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What Iran deal means to stock markets
The stock markets have been yo-yoing the past few weeks on the back of positive or negative global cues. One such factor was the US agreement with Iran on the nuclear issue. Post the announcement, the Sensex jumped nearly 400 points. Stocks of oil marketing companies too gained as much as 6% on the next day.
Here are reasons why the stock markets cheered the Iran deal:
Western nations like the US had accused the Iran about expanding its nuclear activities for making weapons. In February this year, sanctions were imposed on the country, which barred any flow of money into the Middle-eastern country through trade. The deal, finally agreed upon after lot of negotiations, eases curbs on Iran and allows it to get $4.2 billion from its overseas accounts if Iran restricts its nuclear activities.
Iran is a key exporter of oil among the Organization of the Petroleum Exporting Countries (OPEC). The sanctions barred countries from importing oil from Iran. This had led to an increase in oil prices on fears of supply shortage. However, the deal now makes it easy for countries to buy oil. However, this is subject to conditions and additional exports from Iran are widely expected to start after a couple of quarters. Based on the positive sentiment post the announcement, prices of Brent Crude oil fell over $2 per barrel. But, they have since risen by $3 / barrel to $111 / barrel, as the real implications became clearer.
Impact on India:
Oil accounts for nearly 40% of India’s total imports. Any fall in international prices of oil helps reduce India’s import bill. This will narrow current account deficit – the amount India owes to the world in foreign currency. A fall in oil prices will also help rein in inflation.
Supplies to India:
Iran is a big supplier of oil to India. It was the second-largest supplier to India before the sanctions. India has had to slowly cut down its purchases. It is now the seventh biggest crude supplier to India. 7.2% of India’s oil imports were from Iran in FY13, according to government data. This is down from 10.5% in FY12.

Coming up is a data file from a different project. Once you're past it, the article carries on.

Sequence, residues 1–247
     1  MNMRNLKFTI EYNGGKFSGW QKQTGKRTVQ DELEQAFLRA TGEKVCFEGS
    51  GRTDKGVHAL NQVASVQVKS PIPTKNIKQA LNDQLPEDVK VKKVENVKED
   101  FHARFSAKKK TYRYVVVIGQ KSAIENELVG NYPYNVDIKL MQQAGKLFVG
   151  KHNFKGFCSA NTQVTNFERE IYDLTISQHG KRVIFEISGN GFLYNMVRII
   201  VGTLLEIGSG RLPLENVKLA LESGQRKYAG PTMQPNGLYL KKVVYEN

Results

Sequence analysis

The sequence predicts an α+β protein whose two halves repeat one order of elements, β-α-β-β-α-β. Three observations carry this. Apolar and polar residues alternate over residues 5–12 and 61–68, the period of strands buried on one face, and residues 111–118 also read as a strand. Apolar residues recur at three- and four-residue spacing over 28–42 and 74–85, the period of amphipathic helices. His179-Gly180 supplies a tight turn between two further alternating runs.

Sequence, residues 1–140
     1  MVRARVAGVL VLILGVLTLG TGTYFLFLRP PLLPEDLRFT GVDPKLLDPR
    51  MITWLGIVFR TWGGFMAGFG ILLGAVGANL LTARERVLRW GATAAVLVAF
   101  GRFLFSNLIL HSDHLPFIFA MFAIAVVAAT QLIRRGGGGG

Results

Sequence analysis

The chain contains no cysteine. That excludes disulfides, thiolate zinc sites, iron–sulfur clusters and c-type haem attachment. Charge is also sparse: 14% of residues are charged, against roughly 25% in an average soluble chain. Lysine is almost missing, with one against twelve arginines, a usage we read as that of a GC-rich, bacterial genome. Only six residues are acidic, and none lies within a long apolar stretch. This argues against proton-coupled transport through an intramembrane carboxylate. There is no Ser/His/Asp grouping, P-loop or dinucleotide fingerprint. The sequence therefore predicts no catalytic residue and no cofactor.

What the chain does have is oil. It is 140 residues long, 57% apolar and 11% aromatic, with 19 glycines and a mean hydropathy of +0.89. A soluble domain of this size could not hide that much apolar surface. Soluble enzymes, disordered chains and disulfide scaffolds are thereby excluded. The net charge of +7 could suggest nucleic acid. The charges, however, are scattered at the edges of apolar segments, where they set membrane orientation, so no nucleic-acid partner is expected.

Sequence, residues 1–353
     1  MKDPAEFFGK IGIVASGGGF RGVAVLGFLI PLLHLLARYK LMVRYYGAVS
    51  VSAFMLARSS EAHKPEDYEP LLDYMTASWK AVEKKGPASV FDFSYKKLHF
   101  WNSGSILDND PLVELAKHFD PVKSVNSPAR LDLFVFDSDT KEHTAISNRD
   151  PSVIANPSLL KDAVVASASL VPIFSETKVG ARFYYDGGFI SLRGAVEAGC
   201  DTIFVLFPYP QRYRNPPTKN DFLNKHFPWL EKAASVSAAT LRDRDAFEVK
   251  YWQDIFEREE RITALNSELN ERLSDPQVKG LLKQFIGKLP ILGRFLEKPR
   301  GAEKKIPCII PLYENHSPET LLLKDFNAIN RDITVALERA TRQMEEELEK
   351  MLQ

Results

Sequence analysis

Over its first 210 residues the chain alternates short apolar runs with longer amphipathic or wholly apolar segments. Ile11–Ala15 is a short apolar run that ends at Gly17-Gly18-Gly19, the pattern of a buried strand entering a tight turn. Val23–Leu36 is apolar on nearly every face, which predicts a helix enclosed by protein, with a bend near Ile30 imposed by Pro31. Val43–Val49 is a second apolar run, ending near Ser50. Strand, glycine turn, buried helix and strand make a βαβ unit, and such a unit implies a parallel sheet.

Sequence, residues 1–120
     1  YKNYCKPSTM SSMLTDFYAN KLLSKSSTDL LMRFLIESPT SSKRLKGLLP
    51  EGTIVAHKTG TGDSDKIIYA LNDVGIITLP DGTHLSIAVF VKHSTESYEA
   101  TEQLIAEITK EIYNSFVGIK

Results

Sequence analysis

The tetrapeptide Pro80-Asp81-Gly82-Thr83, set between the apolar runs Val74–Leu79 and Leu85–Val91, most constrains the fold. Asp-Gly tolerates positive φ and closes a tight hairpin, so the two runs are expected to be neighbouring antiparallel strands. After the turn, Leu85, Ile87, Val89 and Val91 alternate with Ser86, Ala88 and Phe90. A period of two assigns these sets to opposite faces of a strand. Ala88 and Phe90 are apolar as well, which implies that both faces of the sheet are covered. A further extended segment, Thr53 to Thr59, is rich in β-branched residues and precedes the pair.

Iran is also one of the few oil exporters which accept payments in rupees or euros. This eases pressure on the Indian currency. Oil importers are one of the largest buyers of dollars in India. Greater the demand for dollar, higher is the depreciation of the rupee, which fell to 68-levels in August this year. With the deal, India can buy more oil without paying in dollars. This also acts as a buffer from any fluctuation in international prices of oil.
The Indian refiners are expected to start payments to Iran in the coming few weeks. This prompted the Reserve Bank of India to extend its special forex swap window till end of December. The RBI had established the window to halt the rupee’s slide against the dollar.
An important part of the import procedure is insurance. This helps reduce risks for companies during the shipment. However, since the sanctions, private companies were finding it difficult to get insurance until the Indian government provided help. Now, the deal should bring down the cost of insurance. This reduction in costs could help improve profitability.
Iran is one of the biggest exporters of oil to India, China, South Korea and Japan. India is its second-largest buyer. According to media reports, India owes Iran $5.3 billion for the oil imports. As per the deal, Iran will be allowed to receive $4.2 billion from oil importers via accounts held abroad. India’s refiners pay some of the dues through Halkbank, a state-run bank in Turkey until the sanctions were enforced in February.